A true scientist always tries to find natural explanations for observed facts (such as the fact that life exists on the earth and that at one time life did not exist on the earth) -- or at least explanations of pieces of these facts. But it is not "proof" to simply assert that we are here and therefore it must be possible to get here by natural processes, although that may be a consequence of one's metaphysical assumptions.
This website operates under some basic beliefs, which amount to my metaphysical assumptions about science and the natural world. I assert that these beliefs do not compromise my ability to work and reason as a true scientist. In the following chapters, I will elaborate on these beliefs.
1. God created the natural world.
• All of the natural world, including the natural laws by which it operates, including space and time itself, are creations of God. In his creative work, God sometimes created immediately -- directly, by fiat -- and sometimes created mediately -- indirectly, using natural processes. Both means are legitimately called creative acts.
• The natural world has a purpose: to proclaim God's glory, and to provide a suitable place for humans, his supreme creation. Every aspect of nature contributes to this purpose; there is no "wasted" effort in creation. Everything in creation occurred in the fullness of time and for this specific purpose.
-- One might imagine a better way to do things -- for example, Stephen Gould imagined that a good engineer would not have engineered the Panda's thumb; Richard Dawkins imagined that the human optic nerve is poorly engineered01. Firstly, I assure you that neither one knows how to arrange the genetic code to make a better design. Secondly, a good engineer doesn't necessarily make the perfect widget: he uses available processes, materials and energy budget to make a widget that is good enough for its purpose; both the Panda and the human perform that requirement quite well.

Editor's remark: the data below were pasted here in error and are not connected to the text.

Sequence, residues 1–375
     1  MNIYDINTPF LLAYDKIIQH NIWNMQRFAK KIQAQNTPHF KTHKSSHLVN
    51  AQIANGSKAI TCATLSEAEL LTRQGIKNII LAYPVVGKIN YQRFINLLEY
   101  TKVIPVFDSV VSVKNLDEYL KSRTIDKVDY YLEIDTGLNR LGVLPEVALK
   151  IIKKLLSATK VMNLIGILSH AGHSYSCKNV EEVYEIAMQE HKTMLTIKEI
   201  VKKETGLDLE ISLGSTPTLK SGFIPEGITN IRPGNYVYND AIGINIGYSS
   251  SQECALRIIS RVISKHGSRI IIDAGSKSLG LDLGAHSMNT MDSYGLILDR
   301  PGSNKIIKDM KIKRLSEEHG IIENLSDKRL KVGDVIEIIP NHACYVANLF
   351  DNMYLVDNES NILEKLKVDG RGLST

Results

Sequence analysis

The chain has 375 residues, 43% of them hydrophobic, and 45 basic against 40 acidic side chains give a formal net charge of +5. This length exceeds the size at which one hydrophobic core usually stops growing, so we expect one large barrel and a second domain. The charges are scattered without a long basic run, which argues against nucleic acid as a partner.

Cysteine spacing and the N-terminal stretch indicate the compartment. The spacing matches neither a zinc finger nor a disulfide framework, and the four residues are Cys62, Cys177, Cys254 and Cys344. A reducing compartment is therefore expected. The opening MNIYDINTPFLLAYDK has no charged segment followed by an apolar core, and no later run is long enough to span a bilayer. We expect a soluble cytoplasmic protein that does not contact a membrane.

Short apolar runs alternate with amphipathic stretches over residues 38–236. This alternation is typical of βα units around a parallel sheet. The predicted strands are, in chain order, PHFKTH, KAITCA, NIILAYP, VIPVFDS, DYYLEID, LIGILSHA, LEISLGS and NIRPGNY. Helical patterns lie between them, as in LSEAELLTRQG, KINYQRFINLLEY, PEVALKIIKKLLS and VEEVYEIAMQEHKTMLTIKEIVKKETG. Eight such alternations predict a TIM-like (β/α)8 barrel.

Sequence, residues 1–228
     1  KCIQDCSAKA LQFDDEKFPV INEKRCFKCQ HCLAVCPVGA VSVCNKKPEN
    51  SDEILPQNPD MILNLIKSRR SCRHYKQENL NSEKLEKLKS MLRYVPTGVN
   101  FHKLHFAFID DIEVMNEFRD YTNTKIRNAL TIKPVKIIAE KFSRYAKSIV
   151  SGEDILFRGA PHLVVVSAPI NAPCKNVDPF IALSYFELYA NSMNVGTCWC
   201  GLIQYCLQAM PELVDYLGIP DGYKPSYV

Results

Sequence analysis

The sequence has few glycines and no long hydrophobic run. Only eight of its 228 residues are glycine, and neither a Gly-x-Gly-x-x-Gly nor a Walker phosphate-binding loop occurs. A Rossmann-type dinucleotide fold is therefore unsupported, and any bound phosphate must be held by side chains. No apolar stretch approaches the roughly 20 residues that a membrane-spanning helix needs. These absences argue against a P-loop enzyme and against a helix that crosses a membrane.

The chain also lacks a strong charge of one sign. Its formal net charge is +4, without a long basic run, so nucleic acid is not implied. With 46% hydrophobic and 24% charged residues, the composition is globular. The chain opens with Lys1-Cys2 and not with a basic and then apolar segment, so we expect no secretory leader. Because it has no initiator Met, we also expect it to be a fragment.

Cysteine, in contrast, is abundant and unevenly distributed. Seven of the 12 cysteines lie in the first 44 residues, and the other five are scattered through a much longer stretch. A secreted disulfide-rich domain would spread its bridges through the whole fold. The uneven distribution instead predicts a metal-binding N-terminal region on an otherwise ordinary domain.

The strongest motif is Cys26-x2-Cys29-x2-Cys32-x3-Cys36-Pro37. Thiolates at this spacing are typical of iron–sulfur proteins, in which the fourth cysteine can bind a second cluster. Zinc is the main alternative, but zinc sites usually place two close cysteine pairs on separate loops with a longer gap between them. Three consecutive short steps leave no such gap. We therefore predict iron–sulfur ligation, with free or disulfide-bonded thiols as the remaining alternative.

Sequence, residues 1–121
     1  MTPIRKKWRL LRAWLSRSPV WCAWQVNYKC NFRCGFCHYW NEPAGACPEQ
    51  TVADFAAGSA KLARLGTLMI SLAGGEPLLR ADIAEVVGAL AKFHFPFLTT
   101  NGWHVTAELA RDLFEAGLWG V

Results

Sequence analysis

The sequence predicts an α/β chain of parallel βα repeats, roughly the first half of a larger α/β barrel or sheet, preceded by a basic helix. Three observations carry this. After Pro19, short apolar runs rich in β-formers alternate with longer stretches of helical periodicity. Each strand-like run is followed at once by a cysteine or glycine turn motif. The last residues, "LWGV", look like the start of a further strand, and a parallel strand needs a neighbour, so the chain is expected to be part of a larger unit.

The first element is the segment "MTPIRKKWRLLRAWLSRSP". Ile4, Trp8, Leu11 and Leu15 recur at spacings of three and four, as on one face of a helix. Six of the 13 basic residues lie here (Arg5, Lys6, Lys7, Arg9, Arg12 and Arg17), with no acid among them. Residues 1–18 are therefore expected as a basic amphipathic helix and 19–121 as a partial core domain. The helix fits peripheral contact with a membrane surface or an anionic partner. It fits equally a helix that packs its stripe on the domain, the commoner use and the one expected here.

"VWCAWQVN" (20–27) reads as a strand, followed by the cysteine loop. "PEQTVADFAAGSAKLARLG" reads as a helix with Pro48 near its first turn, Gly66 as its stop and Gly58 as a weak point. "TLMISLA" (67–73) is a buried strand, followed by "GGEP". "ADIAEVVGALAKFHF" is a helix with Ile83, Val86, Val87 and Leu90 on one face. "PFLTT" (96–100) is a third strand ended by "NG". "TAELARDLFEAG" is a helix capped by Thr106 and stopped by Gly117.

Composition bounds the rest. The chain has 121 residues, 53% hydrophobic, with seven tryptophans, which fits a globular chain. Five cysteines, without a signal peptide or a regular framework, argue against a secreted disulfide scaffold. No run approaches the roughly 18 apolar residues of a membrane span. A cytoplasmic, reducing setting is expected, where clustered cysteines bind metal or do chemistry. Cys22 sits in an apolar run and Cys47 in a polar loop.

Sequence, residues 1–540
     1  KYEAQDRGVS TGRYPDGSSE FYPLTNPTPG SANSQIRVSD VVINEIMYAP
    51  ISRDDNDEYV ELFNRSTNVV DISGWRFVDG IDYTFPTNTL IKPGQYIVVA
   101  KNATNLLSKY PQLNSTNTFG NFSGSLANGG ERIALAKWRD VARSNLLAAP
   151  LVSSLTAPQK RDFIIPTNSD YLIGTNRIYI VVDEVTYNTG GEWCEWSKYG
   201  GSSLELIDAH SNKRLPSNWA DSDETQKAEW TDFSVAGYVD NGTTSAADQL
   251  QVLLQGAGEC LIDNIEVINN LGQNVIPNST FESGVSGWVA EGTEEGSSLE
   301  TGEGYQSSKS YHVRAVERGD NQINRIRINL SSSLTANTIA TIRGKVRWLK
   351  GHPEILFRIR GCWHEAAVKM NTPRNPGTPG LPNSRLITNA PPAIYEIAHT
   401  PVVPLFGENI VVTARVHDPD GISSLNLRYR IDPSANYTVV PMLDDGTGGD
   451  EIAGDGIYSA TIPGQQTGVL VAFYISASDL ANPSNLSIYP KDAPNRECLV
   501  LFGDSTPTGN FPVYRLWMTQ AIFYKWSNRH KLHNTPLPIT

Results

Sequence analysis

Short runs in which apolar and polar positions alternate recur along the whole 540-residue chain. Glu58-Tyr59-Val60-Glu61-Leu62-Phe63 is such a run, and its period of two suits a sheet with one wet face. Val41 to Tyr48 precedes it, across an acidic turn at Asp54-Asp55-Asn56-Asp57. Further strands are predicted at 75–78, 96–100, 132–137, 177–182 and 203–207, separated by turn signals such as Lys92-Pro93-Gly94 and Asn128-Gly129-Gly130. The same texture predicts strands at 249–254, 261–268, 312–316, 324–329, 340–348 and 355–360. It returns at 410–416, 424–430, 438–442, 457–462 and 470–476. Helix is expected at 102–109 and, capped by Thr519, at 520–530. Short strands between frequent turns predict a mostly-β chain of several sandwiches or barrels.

• Everything in nature is created (ultimately) for the benefit of the human creation.
-- This sidesteps the question of evil in the world: are some aspects of creation formed with evil intent? I will not address this issue here.
2. God himself exists outside of the natural world. It is wrong to think of God as made up of anything that is part of the natural world. God is timeless -- time itself is created02. God is not energy -- energy is also created. God does not exist in space and is not subject to space restrictions; he is dimensionless and at the same time infinitely dimensional. I don't pretend to know how to explain these things, because they are beyond anyone's comprehension.
3. God uses natural processes to carry out his creative work, whenever such processes can achieve a needed result. In my mind this assumption makes good sense, given what I observe in nature.